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This story originally featured on Task & Purpose.

Slowly but surely, the Army is inching towards fielding its first true combat-capable, high-powered laser weapon mounted on a Stryker infantry carrier vehicle.

The service announced on Tuesday that it had successfully completed its first-ever Directed Energy-Maneuver Short-Range Air Defense (DE M-SHORAD) “combat shoot-off” between two unique laser systems at Fort Sill in Oklahoma earlier this summer.

The shoot-off saw the two 50-kilowatt laser weapons—developed in a competition between defense contractors Northrop Grumman and Raytheon—participate in “a series of vignettes designed to emulate realistic threats and combat scenarios,” according to the service.

Those “vignettes” included simulated UAS and rocket, artillery, and mortar (RAM) targets for the systems to engage.

The laser-equipped Strykers “faced a number of realistic scenarios designed to establish, for the first time in the Army, the desired characteristics for future DE M-SHORAD systems,” the service said in a statement.

While laser weapons, long a dream of military planners, have only recently become feasible as a real-life combat system, it’s unclear whether technological progress will allow the Army to keep its ambitious timetable for deploying its laser Strykers downrange. But as far as Army officials are concerned, the service’s laser Stryker prototypes are all but ready for the next big war.

“This is the first combat application of lasers for a maneuver element in the Army,” said Army hypersonics and directed energy chief Ltg. L. Neil Thurgood in a statement. “The technology we have today is ready. This is a gateway to the future.”

DE M-SHORAD program manager Col. G. Scott McLeod added this in a statement: “We are building and delivering a brand new capability. This is not a modification or an upgrade. It took just 24 months for the combined government and industry team to design, integrate, and have it ready to perform in an operational environment.”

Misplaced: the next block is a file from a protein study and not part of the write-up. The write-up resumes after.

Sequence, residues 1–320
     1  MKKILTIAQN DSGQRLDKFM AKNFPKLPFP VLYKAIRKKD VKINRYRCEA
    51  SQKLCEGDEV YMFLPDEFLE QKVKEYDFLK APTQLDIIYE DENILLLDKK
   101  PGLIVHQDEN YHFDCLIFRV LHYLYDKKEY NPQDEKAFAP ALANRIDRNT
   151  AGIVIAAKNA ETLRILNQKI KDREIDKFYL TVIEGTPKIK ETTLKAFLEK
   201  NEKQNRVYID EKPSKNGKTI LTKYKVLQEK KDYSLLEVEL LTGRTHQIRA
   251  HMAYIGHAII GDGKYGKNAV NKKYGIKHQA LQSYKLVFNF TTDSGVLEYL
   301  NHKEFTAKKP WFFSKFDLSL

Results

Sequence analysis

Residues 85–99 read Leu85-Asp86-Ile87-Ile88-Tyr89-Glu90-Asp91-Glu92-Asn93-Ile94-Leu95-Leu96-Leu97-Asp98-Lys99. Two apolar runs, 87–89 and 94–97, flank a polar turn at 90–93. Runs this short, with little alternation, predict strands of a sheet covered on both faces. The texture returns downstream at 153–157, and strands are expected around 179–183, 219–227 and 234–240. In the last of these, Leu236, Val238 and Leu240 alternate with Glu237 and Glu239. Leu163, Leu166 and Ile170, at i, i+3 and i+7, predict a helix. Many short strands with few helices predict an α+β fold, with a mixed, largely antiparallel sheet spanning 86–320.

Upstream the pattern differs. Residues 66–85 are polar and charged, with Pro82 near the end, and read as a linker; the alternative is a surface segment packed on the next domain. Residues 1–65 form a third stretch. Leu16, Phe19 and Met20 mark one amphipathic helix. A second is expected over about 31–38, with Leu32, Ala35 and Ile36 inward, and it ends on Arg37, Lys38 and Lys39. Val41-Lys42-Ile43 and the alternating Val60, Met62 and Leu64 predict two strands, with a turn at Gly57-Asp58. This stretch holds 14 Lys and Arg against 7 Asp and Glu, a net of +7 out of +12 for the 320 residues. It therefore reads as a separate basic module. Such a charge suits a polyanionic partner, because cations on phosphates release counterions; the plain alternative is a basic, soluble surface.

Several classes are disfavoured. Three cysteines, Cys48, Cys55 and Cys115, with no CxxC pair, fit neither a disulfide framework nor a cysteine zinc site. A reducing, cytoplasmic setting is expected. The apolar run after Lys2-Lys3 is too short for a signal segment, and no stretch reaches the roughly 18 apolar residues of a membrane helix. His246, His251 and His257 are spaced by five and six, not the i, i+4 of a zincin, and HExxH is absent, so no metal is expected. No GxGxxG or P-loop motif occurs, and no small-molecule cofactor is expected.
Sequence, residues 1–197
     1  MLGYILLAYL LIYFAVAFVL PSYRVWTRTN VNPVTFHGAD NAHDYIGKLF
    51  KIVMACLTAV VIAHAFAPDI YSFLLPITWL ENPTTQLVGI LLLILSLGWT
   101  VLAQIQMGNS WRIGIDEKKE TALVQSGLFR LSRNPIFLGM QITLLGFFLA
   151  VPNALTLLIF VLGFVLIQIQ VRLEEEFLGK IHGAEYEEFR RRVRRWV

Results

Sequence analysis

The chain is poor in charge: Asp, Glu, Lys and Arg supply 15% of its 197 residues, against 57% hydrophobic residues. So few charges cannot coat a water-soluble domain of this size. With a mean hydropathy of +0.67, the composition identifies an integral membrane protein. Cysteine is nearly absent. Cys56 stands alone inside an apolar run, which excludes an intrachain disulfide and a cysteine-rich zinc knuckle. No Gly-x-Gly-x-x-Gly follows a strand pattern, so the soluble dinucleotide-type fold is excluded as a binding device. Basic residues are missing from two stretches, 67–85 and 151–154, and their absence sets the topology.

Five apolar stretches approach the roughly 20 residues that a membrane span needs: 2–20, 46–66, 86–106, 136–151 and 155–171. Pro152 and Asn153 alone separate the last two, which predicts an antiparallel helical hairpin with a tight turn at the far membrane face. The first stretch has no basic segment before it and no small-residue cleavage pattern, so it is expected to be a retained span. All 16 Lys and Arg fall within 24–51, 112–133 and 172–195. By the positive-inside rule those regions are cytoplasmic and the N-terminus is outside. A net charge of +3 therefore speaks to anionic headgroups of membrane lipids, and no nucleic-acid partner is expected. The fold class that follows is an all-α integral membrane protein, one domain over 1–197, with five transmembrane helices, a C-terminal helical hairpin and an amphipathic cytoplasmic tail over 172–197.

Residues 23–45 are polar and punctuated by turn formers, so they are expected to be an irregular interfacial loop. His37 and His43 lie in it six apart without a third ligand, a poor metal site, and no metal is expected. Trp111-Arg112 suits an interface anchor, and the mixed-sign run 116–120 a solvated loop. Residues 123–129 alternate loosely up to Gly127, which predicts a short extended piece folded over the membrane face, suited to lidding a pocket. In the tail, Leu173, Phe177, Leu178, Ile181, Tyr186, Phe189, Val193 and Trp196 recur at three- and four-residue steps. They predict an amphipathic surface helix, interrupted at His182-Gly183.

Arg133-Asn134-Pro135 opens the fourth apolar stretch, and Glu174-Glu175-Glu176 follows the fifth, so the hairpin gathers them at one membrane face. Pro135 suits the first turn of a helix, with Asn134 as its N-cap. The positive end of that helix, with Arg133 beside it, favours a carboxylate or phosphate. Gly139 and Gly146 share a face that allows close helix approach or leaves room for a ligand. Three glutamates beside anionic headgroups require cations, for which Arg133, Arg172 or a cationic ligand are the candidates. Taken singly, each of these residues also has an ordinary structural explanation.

Laser battle with Strycker weapons developed for the U.S. Army
A depiction of the defense contractor’s Stryker-mounted laser weapon shows it in action on the front lines. Illustration: Northrop Grumman

The Pentagon once envisioned deploying laser-equipped Strykers downrange in Iraq and Syria to counter the “flying IEDs” and explosive-laden drones of terror groups like ISIS, but applications to the European theater became a major focus for military planners after U.S. Army Europe identified a major short-range air defense (SHORAD) gap in the aftermath of Russia’s 2014 annexation of Crimea.

While soldiers with the 2nd Cavalry Regiment have been rocking 5kw laser systems aboard Stryker vehicles downrange in Europe for the last several years, the 50 kW trial represents a major increase in both power (and, by association, lethality) over previous iterations of the system, one that might finally prove capable of effectively intercepting incoming drones and ordnance.

“Offering lethality against unmanned aircraft systems (UAS) and rockets, artillery and mortars (RAM), laser weapons now increase Army air and missile defense capability while reducing total system lifecycle cost through reduced logistical demand,” the Army said in a statement.

According to the service, the Army Rapid Capabilities and Critical Technologies Office (RCCTO) plans on delivering a platoon of four laser-equipped Strykers to an actual combat unit by some time in fiscal year 2022.

Army officials had previously announced plans to stand up its first battalion of Stryker vehicles outfitted with high-powered laser weapons sometime this year with the goal of eventually standing up four battalions by 2021.

The DE-MSHORAD system isn’t the only laser weapon the Army is working on at the moment. As Task & Purpose previously reported, the service is also working to field a 300 kW Indirect Fires Protection Capability – High Energy Laser (IFPC-HEL) truck-mounted laser by 2024.

While the 50 kW Stryker will deploy primarily to drones and incoming ordnance out of the sky, the 300 kW version IFPC-HEL system could potentially channel enough power to counter incoming cruise missiles. 

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